Lemierre syndrome caused by co-infection by Arcanobacterium haemolyticum and Fusobacterium necrophorum
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In 1936, Lemierre described a series of cases with anaerobic sepsis following primary oropharyngeal infection. These ‘postanginal septicemias’, subsequently denoted ‘Lemierre syndrome’ or ‘Lemierre’s disease’, were characterized by septic thrombophlebitis of the jugular venous system and multiple metastatic abscesses which were most commonly found in the lungs. The syndrome had a high case-fatality rate and affected mainly young adults . Although polymicrobial infections have been reported, the main pathogen in Lemierre syndrome is Fusobacterium necrophorum, an obligate anaerobic, Gram-negative rod . Disseminated infections are rare. The highest incidence occurs in the age group 15–24 years .
Arcanobacterium haemolyticum is an aerobic Gram-positive rod known to cause pharyngotonsillitis and skin rash, predominantly in adolescents and young adults [4, 5]. Deep-seated and systemic infections have been reported occasionally, and to the best of our knowledge only one case of...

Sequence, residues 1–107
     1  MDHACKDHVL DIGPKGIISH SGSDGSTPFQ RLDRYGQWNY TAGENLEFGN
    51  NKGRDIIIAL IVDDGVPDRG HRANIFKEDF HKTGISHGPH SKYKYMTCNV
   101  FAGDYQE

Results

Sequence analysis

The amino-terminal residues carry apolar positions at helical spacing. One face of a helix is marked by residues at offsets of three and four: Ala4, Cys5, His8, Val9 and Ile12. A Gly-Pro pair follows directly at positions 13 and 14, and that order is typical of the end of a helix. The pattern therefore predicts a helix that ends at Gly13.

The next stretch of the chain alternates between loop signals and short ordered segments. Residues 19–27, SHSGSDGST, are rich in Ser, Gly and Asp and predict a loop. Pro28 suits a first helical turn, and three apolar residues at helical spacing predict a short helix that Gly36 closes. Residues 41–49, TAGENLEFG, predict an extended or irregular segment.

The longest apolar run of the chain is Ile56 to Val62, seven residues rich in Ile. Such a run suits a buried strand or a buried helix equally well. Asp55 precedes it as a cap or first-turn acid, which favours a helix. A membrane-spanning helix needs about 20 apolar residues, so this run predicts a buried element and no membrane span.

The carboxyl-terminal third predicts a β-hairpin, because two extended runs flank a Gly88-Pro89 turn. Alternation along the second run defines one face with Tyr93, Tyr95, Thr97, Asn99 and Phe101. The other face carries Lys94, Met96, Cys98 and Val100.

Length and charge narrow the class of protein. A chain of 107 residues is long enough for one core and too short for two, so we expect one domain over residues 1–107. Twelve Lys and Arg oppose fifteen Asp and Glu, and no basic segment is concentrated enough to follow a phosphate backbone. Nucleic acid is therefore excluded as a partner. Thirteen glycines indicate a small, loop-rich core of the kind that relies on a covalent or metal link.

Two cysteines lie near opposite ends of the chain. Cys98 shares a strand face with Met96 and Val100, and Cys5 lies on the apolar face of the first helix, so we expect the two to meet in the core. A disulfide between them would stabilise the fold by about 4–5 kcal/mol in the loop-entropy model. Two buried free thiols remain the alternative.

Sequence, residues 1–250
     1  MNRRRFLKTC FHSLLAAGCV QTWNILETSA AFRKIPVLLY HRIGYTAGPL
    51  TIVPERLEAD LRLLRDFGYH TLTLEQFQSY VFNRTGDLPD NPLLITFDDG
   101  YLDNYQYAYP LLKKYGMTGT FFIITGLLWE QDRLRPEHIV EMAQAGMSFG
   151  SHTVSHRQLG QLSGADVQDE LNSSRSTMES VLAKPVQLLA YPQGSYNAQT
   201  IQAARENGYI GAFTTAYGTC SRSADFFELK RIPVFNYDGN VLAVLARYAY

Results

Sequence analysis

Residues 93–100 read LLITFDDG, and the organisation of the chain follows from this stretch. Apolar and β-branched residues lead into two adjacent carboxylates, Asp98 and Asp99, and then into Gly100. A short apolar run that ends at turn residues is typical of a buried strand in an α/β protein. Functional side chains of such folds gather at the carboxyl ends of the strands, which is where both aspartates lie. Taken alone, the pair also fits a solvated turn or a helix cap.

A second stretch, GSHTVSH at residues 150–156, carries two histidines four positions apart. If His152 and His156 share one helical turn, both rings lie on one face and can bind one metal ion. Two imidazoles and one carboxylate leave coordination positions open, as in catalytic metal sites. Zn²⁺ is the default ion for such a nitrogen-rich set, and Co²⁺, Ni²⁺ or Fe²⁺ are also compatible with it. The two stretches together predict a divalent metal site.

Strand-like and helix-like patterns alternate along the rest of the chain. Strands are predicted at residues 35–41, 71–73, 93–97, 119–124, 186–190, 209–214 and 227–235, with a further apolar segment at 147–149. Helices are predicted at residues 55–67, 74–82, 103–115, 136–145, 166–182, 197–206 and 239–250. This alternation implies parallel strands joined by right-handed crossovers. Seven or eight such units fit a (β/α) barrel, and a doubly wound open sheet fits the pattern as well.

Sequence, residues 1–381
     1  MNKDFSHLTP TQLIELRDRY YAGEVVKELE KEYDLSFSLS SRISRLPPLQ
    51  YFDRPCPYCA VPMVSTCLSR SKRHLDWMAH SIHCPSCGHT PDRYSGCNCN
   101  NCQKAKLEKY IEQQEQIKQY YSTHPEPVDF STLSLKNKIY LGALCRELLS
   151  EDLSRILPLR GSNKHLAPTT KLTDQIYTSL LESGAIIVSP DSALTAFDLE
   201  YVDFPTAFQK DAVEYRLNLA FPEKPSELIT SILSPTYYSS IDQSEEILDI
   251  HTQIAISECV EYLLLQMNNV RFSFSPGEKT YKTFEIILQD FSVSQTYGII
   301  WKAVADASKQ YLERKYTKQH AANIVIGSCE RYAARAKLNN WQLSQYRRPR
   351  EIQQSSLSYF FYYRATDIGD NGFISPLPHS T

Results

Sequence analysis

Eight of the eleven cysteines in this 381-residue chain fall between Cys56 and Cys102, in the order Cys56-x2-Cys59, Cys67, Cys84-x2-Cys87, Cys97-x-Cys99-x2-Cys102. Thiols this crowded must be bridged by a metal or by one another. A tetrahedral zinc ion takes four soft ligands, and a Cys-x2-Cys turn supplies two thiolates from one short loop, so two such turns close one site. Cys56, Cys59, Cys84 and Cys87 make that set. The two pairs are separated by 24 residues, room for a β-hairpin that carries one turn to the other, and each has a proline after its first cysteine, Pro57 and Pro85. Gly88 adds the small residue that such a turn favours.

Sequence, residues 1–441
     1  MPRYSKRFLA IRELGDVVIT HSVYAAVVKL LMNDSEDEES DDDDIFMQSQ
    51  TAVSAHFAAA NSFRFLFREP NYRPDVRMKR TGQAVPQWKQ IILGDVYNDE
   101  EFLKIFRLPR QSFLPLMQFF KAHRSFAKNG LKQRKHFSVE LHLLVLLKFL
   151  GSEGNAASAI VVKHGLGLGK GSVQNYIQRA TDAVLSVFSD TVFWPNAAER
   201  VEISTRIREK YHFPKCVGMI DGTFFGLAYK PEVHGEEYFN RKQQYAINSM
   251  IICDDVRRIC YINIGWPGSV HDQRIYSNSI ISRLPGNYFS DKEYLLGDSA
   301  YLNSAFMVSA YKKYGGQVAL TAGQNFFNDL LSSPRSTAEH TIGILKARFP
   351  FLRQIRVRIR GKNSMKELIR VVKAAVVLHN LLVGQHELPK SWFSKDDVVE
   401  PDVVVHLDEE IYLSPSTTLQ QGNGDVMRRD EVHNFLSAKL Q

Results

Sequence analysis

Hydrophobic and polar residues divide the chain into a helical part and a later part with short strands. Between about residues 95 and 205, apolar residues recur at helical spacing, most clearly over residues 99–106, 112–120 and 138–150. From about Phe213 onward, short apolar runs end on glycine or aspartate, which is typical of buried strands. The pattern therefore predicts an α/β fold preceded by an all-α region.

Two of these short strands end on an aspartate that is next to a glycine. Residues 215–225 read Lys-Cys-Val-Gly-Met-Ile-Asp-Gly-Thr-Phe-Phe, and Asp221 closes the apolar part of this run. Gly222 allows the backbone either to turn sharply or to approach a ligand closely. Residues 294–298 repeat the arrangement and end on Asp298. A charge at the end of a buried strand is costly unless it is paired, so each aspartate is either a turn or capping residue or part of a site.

KeywordsHuman Immunodeficiency Virus Sore Throat Blood Culture Bottle Fusobacterium Necrophorum Septic Thrombophlebitis
We acknowledge Dr. Prathap Solomon for radiological expertise.
Conflict of interest
- 2.Sinave CP, Hardy GJ, Fardy PW. The Lemierre syndrome: suppurative thrombophlebitis of the internal jugular vein secondary to oropharyngeal infection. Medicine (Baltimore). 1989;68:85–94.Google Scholar